Claimant lawyer representatives have warned that the planned new regime of fixed recoverable costs for clinical negligence will stop people from securing the compensation they deserve.

The Department of Health yesterday unveiled plans to limit costs for most claims valued up to £25,000 and introduce a streamlined process for making claims.

Ministers insist the proposals – which target legal costs rather than compensation levels – will bring costs down while still ensuring that restrictions do not affect injured access to justice.

But the Association of Personal Injury Lawyers has warned that the scheme would place a ‘significant hurdle’ in the way of patients seeking the damages they need to rebuild their lives.

APIL committee member Suzanne Trask said: ‘In its obsession with the cost of clinical negligence claims, which actually represent a tiny fraction of the NHS budget, the government is failing to address the very patient safety issues which are at the root of clinical negligence and the costs, both financial and in human misery, which are associated with them.’

Other claimant lawyers asked why the government has not done more to address delays caused by defendant legal teams.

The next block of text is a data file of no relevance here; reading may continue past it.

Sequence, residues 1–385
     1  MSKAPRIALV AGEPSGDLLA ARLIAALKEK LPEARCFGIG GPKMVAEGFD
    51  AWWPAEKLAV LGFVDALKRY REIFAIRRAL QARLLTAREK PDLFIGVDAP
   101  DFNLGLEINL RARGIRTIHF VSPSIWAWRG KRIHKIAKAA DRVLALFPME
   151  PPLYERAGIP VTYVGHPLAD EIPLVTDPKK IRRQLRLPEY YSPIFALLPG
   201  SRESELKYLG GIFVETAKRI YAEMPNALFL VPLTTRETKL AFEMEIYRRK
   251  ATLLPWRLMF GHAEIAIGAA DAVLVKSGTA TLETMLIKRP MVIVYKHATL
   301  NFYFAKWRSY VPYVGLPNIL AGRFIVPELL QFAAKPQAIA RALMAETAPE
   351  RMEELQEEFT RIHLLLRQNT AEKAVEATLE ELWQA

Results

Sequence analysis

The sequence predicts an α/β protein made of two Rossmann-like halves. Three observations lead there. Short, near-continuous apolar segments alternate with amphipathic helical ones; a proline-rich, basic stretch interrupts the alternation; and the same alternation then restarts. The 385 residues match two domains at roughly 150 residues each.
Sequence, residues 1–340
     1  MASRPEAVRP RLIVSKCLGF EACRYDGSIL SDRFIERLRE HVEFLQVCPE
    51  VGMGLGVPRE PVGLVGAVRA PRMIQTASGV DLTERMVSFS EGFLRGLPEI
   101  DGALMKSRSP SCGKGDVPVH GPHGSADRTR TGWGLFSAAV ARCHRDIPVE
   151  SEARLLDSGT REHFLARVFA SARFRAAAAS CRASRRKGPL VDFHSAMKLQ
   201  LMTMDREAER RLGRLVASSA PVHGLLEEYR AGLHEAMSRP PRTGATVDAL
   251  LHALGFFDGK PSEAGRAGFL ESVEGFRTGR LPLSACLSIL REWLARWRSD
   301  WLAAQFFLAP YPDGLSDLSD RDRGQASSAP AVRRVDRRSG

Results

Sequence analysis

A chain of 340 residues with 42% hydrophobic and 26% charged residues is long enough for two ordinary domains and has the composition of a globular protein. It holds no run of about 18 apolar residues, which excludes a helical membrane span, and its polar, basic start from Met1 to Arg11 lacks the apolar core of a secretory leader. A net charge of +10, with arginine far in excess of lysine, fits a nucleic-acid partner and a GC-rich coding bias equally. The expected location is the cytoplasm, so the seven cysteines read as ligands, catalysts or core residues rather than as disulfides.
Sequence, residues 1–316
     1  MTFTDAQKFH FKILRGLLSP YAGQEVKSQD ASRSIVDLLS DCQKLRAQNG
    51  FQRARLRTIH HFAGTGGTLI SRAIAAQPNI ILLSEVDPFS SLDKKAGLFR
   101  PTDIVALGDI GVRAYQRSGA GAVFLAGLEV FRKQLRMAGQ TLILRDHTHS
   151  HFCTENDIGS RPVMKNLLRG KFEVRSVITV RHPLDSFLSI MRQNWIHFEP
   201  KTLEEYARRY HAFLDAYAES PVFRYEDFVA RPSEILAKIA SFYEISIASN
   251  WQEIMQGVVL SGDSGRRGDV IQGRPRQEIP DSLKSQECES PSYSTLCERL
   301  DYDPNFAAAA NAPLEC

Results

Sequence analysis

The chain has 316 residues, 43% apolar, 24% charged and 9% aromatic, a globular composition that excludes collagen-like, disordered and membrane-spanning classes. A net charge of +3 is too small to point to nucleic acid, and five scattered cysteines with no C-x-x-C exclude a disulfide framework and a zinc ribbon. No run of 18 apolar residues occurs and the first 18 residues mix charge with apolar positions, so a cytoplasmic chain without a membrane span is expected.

Stephanie Prior, head of clinical negligence at London firm Osbornes Law, said the changes will mean that many specialist lawyers will not be able to take on claims deemed to be low value. She added: ‘While it is true that costs can spiral on cases this is generally because the NHS lawyers sometimes drag out cases for an inordinate amount of time, which inevitably has to be paid for.

‘If the NHS legal teams were more efficient, then these matters could be dealt with a lot more swiftly, meaning costs are significantly less. It would be far better for the NHS to look after the people it has wronged swiftly rather than seek to restrict their access to justice in this way.’

But one defence group – while supporting measures to remove the adversarial culture of litigation – expressed disappointment that the proposals do not go far enough.

Emma Parfitt, MDDUS director of professional services and general counsel, said: 'We are very disappointed government is still moving so slowly on what is clearly a win-win for patients and the NHS. A comprehensive fixed costs package is urgently needed.'

Julie Pullen, a partner at defendant firm Plexus Law who specialises in clinical negligence, said: 'As defendant practitioners we welcome the introduction of fixed recoverable costs in low value clinical negligence claims. So often, such claims lead to disproportionate costs being incurred and delays in outcomes for all concerned. The proposed Scheme will encourage early resolution of claims, provide certainty and reduce court time.'

Lawyers have also questioned whether fixed costs can be achieved without limiting payments to experts. While the streamlined process would limit the number of experts that could be relied upon and create model reports, there is nothing in the proposals on the fees experts can charge.